№ 2, 2022
The article is devoted to the analysis of a special political form that arises in the “empty space” on the “edge of the state”, where actors of power exist remotely, beyond the boundaries of the “emptiness”, but they can be materialized in it. The authors use the term “periphery of power” to describe this political form. The article shows that “empty space” is not a vacuum, but it does not contain what the observer (in this case, the authorities) expects to see, what he can read and comprehend as some kind of entity. It is the absence of the expected objects, actors and practices that makes the space “empty”.
The paper verifies the hypothesis that, being “empty” for an observer, such space is populated and has authorities. Empirically, the study is based on the results of two field works to the upper Lena River. The territory has neither settlement structure nor legal economic activity, and the number of registered residents is minimal. The nearest authorities (police, environmental protection, municipal authorities, etc.) are located on the borders of the territory, and the distance to the nearest large city (Irkutsk) is 500—700 km. Nevertheless, the field work there revealed a fairly large community with its own hierarchy, stable forms of communication, legalization and mobilization of remote authorities. For members of this community, staying in the “empty territory” makes no sense from the economic point of view. They are registered in other places (district centers or other regional cities, including capitals) and represent relatively successful citizens. However, the city remains for them nothing else but a source of resources (material, financial, etc.). They live exactly in the “empty space”. Social networks are formed in it, statuses and communication are built, which can be turned into the space of power.
The insights that the authors obtained give ground to assume that this process is not an outlier, but rather represented a more general process of separating a place to earn money and a place to live. According to their conclusion, while maintaining the current trends, the “exit space” documented by them will expand, forming more and more new forms of “emptiness”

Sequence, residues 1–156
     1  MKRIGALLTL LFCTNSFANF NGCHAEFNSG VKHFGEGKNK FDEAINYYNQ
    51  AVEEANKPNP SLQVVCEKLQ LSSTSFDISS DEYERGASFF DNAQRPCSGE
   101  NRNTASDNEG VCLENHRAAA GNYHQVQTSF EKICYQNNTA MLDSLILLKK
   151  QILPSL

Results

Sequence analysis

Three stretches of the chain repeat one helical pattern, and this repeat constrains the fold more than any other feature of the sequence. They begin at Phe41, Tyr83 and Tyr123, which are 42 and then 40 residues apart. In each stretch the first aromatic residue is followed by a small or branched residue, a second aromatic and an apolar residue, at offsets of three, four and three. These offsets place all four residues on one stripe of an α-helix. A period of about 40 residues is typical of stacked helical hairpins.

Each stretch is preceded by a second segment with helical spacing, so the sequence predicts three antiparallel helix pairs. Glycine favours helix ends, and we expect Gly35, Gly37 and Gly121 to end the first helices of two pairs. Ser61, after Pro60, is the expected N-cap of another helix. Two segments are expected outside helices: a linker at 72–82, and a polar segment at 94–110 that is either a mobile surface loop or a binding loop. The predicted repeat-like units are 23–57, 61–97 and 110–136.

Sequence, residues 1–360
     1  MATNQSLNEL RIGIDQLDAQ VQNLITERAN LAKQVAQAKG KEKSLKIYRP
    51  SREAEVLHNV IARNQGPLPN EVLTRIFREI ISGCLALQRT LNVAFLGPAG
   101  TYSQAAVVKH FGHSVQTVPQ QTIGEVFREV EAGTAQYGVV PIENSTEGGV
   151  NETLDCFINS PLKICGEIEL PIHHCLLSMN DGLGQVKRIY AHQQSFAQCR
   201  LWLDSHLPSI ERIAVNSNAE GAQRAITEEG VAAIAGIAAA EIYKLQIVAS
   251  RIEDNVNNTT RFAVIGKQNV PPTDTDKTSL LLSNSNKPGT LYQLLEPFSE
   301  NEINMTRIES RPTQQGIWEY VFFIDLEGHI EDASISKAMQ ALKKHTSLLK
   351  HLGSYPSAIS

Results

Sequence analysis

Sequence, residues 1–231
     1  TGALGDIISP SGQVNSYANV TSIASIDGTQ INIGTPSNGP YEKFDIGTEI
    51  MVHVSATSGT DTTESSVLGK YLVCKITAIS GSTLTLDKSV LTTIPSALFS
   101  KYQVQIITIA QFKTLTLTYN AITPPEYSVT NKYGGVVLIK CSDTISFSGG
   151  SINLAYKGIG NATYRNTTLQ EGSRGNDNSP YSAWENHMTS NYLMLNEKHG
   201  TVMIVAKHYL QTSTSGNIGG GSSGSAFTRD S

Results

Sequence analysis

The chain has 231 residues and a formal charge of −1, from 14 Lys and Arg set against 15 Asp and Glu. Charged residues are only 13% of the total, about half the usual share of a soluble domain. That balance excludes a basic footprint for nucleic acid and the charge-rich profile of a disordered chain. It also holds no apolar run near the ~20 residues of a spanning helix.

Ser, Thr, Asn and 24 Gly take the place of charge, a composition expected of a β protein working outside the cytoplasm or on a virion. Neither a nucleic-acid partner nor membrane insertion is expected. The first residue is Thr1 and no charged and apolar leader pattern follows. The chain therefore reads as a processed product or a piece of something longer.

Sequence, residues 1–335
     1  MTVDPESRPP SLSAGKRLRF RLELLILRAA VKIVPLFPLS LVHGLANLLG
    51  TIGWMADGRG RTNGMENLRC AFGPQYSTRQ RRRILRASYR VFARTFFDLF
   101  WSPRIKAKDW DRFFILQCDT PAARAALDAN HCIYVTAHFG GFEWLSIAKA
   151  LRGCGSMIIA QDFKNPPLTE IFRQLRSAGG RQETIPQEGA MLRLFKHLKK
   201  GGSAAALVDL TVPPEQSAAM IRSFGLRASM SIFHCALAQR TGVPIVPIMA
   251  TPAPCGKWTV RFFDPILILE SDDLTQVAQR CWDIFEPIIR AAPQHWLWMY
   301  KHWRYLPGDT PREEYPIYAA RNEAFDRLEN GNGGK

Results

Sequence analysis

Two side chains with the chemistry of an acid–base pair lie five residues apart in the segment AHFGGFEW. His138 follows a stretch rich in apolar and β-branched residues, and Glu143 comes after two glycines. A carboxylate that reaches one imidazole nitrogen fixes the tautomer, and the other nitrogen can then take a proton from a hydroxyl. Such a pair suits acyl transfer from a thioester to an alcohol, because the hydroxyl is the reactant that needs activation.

№ 2, 2021
The article examines a specific situation that is emerging in Russia and is associated with the erosion of the state monopoly of the legitimate use of violence. With the example of a seemingly routine private event that looks like a single failure in the system, the authors show that it represents one of the most significant practices of power holders, the essence of which they define as “forced enforcement” and analyze its origins and possible implications.
In a gigantic country, the regions of which vary significantly in the level of their socio-economic development, enforcement of rules is associated with costs that exceed the amount of the resulting benefits. Therefore, the state limits its function as an enforcer to the control only over the key industries and does not encroach on the rest. However, under the contemporary conditions this tactic stops working. Since key industries are no longer able to meet the needs of the enlarged state, it begins to extend its control to the new social and economic spheres. The dramatic expansion of the area of application of the enforcement tools and complicated procedures associated with the need to control these tools themselves make them more and more costly. Thus, the task is to make them less costly, while maintaining, or even increasing, the volume of work. The very fact of intentionally setting such an insurmountable task makes the corresponding organs look for non-trivial solutions that are outside the state-imposed rules. Created as “enforcement machines”, they acquire their own mind and interests, and thus their own subjectivity. They no longer enforce the rules, but begin to form them, trying to shift the fulfillment of their functions to citizens and thereby pushing them to search for new enforcers that are not at all connected with the state.
Grigorichev K. V.
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